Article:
UPDATE 11/14/18: So much has changed since this article was first published in 2011:
- Bushwhacker moved two miles to the northeast to the first building that owner Rich Pestien has ever owned, a single-level, 15,000-square-foot structure at 5728 N. Knoxville Avenue in Peoria, next to Junction City, and, even more important, next to the Rock Island Greenway, the off-road bicycle and pedestrian thoroughfare that bisects Peoria from north to south.
- Bicycles–from Specialized, Giant and Surly–are a bigger part of the business.
- All of the mountain bikes and most of the road bikes have disc brakes. Gravel/endurance bikes are prominent. Most popular bike in the store? The several iterations of the Specialized Roll.
- Sally Brown has retired, focusing a good deal of her efforts nowadays on pickleball.
- Every link in this article is broken, except for the ones in the update.
- I’ve worked at Bushwhacker for a couple of years now. Yep, back to doing what I was doing 25 years ago: fixing flat tires and selling bicycles. (I’m also trying to keep up with developments in outdoor clothing, shoes, packs, kayaks, skis and Berlin Gardens outdoor furniture.) And I update the company’s Facebook and Instagram pages.
- One thing that hasn’t changed? Robert Woo is still turning wrenches–and promoting bicycling with flat tire clinics, Saturday morning trainer rides in the winter, the Dutchman Classic in the autumn and more. Anyway, let’s take a look at what was going on in the old Metro Centre location in 2011…
Bushwhacker, Peoria’s locally owned and operated active outdoor sports store, is consolidating bicycle repair, assembly and sales in the north end of the building at street level. For employees like Service Manager Robert Woo, it’s the end of hauling bicycles up the stairs from the old basement repair area.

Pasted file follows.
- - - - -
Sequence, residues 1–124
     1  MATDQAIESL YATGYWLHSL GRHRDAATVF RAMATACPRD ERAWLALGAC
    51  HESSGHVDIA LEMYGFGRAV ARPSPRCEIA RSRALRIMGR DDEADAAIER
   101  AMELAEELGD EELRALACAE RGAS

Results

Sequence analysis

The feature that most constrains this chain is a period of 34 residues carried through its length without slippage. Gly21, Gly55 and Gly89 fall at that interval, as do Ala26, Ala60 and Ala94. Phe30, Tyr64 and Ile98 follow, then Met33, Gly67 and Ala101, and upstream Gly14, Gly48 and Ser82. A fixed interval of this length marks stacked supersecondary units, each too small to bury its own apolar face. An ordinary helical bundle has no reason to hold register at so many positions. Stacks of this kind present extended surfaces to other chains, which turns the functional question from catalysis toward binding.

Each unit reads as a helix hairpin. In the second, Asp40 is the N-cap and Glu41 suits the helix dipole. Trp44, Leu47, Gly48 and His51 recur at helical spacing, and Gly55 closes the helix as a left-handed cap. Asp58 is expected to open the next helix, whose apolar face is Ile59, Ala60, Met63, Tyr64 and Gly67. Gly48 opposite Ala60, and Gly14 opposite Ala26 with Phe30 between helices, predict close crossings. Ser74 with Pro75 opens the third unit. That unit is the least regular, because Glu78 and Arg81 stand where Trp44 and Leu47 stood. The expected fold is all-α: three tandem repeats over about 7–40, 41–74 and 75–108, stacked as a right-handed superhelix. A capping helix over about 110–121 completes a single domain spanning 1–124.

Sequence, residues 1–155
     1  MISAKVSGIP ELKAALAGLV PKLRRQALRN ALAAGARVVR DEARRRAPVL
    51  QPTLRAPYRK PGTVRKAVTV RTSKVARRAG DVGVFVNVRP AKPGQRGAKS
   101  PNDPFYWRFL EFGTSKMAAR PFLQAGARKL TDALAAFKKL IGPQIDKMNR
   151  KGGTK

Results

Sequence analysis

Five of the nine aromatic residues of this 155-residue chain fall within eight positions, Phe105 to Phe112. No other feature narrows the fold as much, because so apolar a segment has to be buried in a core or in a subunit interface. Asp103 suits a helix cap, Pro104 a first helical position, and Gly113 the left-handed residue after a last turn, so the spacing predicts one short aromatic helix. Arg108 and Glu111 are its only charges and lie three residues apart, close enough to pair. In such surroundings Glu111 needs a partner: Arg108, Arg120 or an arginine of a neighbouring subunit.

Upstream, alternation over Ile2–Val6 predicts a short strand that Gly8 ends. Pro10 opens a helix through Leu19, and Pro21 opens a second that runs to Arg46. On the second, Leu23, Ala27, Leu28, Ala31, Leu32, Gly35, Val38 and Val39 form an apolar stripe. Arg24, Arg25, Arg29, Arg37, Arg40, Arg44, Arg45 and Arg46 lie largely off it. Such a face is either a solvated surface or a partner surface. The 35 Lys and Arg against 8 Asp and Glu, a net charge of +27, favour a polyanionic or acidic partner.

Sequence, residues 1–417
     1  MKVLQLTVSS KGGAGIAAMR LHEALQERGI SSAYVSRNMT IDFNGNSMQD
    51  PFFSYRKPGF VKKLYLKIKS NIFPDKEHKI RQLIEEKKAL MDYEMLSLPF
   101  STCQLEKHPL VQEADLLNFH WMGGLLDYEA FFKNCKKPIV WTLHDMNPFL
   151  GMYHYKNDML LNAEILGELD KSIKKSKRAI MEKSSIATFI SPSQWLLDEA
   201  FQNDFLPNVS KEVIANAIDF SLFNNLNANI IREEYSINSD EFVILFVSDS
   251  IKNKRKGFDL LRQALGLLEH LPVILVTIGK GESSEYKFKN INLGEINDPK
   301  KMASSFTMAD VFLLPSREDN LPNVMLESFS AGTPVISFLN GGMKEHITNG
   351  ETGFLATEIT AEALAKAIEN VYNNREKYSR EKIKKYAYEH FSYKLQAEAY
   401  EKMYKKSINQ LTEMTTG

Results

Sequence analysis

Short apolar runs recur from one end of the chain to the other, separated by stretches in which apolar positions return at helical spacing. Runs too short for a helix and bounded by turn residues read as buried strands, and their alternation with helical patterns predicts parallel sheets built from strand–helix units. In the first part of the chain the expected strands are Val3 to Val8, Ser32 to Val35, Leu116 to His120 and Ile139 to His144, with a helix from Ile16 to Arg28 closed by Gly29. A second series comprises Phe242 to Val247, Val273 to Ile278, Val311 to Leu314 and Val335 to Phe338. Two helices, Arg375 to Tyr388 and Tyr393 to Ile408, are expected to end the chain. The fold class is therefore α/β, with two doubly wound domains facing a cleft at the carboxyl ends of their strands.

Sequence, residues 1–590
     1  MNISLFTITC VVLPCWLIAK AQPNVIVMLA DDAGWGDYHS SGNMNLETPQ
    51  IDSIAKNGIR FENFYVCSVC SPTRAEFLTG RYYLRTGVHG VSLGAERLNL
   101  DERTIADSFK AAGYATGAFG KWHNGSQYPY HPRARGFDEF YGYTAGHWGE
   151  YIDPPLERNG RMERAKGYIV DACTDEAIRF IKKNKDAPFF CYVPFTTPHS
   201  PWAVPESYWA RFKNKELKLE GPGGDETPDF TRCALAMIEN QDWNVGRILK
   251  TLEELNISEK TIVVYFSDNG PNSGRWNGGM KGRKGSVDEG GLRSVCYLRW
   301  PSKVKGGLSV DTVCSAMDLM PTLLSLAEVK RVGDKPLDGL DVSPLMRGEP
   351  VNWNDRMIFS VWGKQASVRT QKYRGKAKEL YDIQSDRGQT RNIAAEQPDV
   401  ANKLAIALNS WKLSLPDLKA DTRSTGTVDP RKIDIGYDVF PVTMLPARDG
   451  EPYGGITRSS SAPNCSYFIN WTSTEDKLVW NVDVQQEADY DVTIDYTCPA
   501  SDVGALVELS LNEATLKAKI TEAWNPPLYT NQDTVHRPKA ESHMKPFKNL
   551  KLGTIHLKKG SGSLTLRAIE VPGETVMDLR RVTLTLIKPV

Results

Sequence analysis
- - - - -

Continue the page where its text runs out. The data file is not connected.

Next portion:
For an old bike shop guy like me, the move is evidence of Bushwhacker’s commitment to the bicycling business. After all, when you dedicate a larger chunk of your prime selling space to bicycles, you have to be sure the product will pay for the square footage.
“We’re about 60 percent of the way there,” Woo said about the move on March 4. “I could talk about the business end of it, but I’m more interested in people coming in and using their bicycles.”
Sally Brown, Bushwhacker vice president/buyer, said customers arriving today will think the changeover is further along. “It looks like 80 percent done to people coming in, but we’re doing a lot of fine tuning. But people are coming in, turning to the right and saying wow, that’s where the bikes are.
“We have plenty to do; I know we still need to get Yakima up on the wall. But people can find stuff. In the future, we’ll also have a back door for bicycle service, so people don’t have to haul their bikes through the sales floor.”
See pictures of the new layout on Facebook.
Be sure to check out Bushwhacker’s website, too. Redesigned last fall, it’s full of employee biographies, sharp photography and links to area outdoor clubs. And “the story of a brick and mortar store built on guts and granola.”